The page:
Luis Bravo has enlisted the choreographic talents of Oscar Araiz, the ballet director of the Colon Theatre of Buenos Aires, musical director Lisandro Adrover, and a company of 22 dancers and 9 musicians for an Argentine dance review, Malambo, which has had its world premiere in San Francisco. The program is a display of Argentine dance forms, notably the tango and the malambo, and their influences. Sexy costumes (by Argemira Affonso in the Bob Mackie style) that cling to the lithe female dancers and vivid lighting by Bravo enhance the proceedings.
The success of Forever Tango was due not only to the steamy excitement generated by the performance, but also to the fact that the dancers were mature individuals with whom the audience could identify. The passionate dances were performed with astonishing dexterity by men and women past their forties—not the typical showbiz chorus types. In contrast, Malambo, with the exception of its two leading male dancers, is entirely populated by young performers. They are slick (several are truly excellent), but the majority of the audience will not imagine themselves in their places.
Bravo, who understands theatricality and the importance of entertaining an audience, has ambitions that this show does not fulfill. He has an anthropological, if not political, agenda that pits Europeans against the natives. He starts the show with a display of malambo, a competitive dance for men that is like the Spanish zapateado, a precursor of tap dancing. Originally from the Argentine pampas, Bravo would have us believe that this is truly a native dance form, which is dubious at best. The gauchos (cowboys) were a mixed lot and the dance has strong European roots. Then a tango is performed, followed by a number that is primarily flamenco in style.Bravo places a competitive dance in the middle of the first act in which the leading malambo dancer, Juan Saavedra, and the leading tango dancer, Carlos Gavito, vie for the attention of five women. It ends in a stalemate.
After two more traditional tango numbers (the standout couple of Oscar Mandagar�n and Carina Morrudo, and the excellent Carlos Vera and Laura Marcarie), there is a dance for people in native costume (one man’s cloth belt had the word Uruguay in it) in which a chosen maiden was presented. The purpose was not clear, and the dance ended as a processional. The act was brought to a close by a dance entitled "Candombe," presumably reflecting that voodoo religion found in South America but having none of the theatricality of the Brazilian capoeira, which stems from candombe roots.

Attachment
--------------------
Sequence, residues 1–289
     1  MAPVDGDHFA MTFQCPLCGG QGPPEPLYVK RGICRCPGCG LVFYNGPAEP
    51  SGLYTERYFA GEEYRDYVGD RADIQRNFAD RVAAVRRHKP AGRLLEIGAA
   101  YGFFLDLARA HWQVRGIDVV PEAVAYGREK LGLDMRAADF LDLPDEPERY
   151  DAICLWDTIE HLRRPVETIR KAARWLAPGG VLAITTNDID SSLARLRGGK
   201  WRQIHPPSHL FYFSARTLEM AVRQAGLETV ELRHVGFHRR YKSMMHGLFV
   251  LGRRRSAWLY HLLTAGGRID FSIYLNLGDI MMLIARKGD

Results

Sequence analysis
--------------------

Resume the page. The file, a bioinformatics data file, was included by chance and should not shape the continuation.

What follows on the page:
The second act presented a continuing mixture of styles, with a number entitled "Malambo" that was really about natives overcoming the Spanish (a flamenco group of a man and two women are out-danced and absorbed into the native group ). Later there is another confrontational dance called "La Pelea" (the fight) in which tangueros dressed in suits and spats on their shoes flash knives in a mild fight with gauchos who are unarmed.
The act ends with a grand showcase of all the dance styles presented (and many new costumes—the show outdoes itself in the costume department), including the appearance of a barefoot blond woman dressed in periwinkle blue who does a balletic number. This was followed by an interesting curtain call in which the music director, Lisandro Adrover, took the last (and longest) bow. He had been evident throughout the evening, as the musicians share the stage with the other performers. Playing the lead bandoneon, his intense involvement with the music constantly drew attention to itself due to his noticeable facial expressions and his body language.
Bravo has a lot of work to do before this show can expect to achieve the success of Forever Tango. Too many extraneous elements (several numbers evoke the Don Juan archetype, complete with a disappearance into the flames of hell) keep the show from having a clear focus. Ultimately, it comes across as a geezer’s fantasy, because the two leading male dancers are well-along in years, but their female counterparts are all flexible young things. The audience cannot identify with the stage performers as it did in Forever Tango and too many of the dances don’t pack enough punch.